The aftermath of the political fallout of former President Ashraf Ghani’s government has been nothing short of apocalyptic for the people of Afghanistan. The implausible rise of the Taliban after two decades has brought with it immense turmoil and uncertainty for the future of the country.
In the days following the unprecedented take over of Afghanistan by the Taliban forces, the world watched in horror as thousands of people attempted to flee the country by any means possible. Images of desperate crowds at Kabul International Airport, subsequent suicide bombing and gunfire attacks killing over 70 people were all a stark reminder of life under the Taliban rule twenty years ago. Within a few weeks of the political fallout, reports of physical torture, stringent restrictions on women and of Taliban soldiers dealing out severe punishments for petty crimes flooded the international media.
International rejection of the Taliban government
The Taliban has assured global audiences that they would not regress to oppressive and brutal policies of their past dictatorship, but contradictory evidence has left world leaders unconvinced. Unwilling to recognize the Taliban as a legitimate government, international aid organisations such the World Bank and the International Monetary Fund quickly froze aid flows. The sudden crippling of critical funds in addition to the ongoing COVID-19 pandemic and administrative chaos has triggered a massive humanitarian crisis.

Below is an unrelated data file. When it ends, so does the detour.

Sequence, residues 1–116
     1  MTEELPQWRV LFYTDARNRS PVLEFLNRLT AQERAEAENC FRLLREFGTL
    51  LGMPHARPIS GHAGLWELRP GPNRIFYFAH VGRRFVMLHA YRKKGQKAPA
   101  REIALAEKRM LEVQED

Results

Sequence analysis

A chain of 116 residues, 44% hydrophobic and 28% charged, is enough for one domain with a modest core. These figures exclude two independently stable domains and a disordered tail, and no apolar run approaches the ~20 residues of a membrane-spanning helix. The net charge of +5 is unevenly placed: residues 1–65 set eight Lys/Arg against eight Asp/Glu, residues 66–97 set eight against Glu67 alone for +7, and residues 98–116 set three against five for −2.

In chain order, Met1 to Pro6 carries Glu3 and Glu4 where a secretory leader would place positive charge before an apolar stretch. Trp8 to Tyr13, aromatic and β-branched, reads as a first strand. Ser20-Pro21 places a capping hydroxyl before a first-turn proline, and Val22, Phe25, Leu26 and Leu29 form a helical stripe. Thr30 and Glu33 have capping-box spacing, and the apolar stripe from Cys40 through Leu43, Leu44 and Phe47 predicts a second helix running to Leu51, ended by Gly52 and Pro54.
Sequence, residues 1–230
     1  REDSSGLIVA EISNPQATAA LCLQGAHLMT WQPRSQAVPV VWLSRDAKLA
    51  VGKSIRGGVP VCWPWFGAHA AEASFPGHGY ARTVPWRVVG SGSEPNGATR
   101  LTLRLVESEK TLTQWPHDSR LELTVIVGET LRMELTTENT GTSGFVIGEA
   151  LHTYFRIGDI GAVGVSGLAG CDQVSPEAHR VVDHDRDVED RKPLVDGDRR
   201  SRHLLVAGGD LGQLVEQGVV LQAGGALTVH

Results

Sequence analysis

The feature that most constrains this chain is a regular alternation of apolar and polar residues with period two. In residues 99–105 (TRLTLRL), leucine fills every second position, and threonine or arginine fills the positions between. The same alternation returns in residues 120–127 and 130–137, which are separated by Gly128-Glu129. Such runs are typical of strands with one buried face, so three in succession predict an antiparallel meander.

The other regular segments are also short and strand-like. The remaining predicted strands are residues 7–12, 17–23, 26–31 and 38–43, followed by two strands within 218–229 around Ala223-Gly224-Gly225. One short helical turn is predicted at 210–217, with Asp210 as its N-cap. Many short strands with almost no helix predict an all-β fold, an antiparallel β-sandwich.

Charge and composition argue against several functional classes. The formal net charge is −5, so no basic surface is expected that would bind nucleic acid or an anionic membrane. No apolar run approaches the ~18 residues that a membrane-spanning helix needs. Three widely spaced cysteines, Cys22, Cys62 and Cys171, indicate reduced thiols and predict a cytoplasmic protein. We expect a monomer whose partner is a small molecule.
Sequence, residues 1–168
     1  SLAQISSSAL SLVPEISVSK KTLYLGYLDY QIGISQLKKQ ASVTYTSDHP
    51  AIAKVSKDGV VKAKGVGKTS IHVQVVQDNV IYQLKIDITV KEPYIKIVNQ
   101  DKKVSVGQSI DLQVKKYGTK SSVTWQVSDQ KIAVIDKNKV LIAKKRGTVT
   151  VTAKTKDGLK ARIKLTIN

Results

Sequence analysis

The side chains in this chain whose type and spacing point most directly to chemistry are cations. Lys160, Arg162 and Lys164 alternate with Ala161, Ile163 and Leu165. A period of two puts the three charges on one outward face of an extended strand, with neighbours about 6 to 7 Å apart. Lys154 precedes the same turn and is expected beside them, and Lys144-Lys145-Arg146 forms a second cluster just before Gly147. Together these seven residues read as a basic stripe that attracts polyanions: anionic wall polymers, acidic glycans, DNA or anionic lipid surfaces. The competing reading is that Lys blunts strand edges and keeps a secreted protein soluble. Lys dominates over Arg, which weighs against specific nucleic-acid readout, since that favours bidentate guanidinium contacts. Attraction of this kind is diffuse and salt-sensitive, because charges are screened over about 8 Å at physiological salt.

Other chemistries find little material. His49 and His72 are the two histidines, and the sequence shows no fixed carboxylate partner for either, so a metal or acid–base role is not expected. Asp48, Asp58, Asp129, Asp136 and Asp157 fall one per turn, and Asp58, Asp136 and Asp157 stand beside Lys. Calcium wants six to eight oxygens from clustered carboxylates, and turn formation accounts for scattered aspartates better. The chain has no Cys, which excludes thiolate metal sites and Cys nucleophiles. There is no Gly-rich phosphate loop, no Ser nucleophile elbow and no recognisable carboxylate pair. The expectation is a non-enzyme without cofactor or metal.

Millions of Afghans are facing starvation, displacement, and rising conflicts thereby pushing the struggling nation to the deep end. In response, the United Nations is urging countries to support the people of Afghanistan through collaboration. But progress has been painfully slow and halting. Rapidly changing ground realities, lack of development institutions, rampant corruption, and the high risk of aid-misuse by the Taliban are only some of the contributing factors to the intensifying economic and humanitarian catastrophe. As development workers, non-profit organizations, and aid powerhouses navigate this fragmented labyrinth, the nation continues to slip further into the looming abyss.
Resistance by the people
Yet despite the grim circumstances, the people of Afghanistan have been outspoken about their animosity towards the Taliban. Recent protests led by Afghan women are a reflection of a society that demands accountability and fair treatment by their alleged government. Increased awareness, social media, education and a determination to fight for their rights has propelled widespread resistance in several major cities in Afghanistan during the months of August and September. However, violent crackdown by the Taliban has since forced journalists and protestors to hide or flee the country. Reports suggest that of the 700 female journalists working in Afghanistan pre-Taliban, less than 100 are currently employed.
Given the unpredictability of the Taliban regime and rising clashes with other internal militia groups such as the Islamic State-Khorasan, there is no telling what the future holds for Afghanistan. Only time will tell whether angry and frustrated citizens will rise to oust the Taliban, if the cash-strapped Taliban will eventually collapse under mounting global and internal pressures, or whether the current government will manage to bring the country out of the present tragedy.
This text was written by Lund Magazine Group. The group is independent from FUF:s Utvecklingsmagasinet.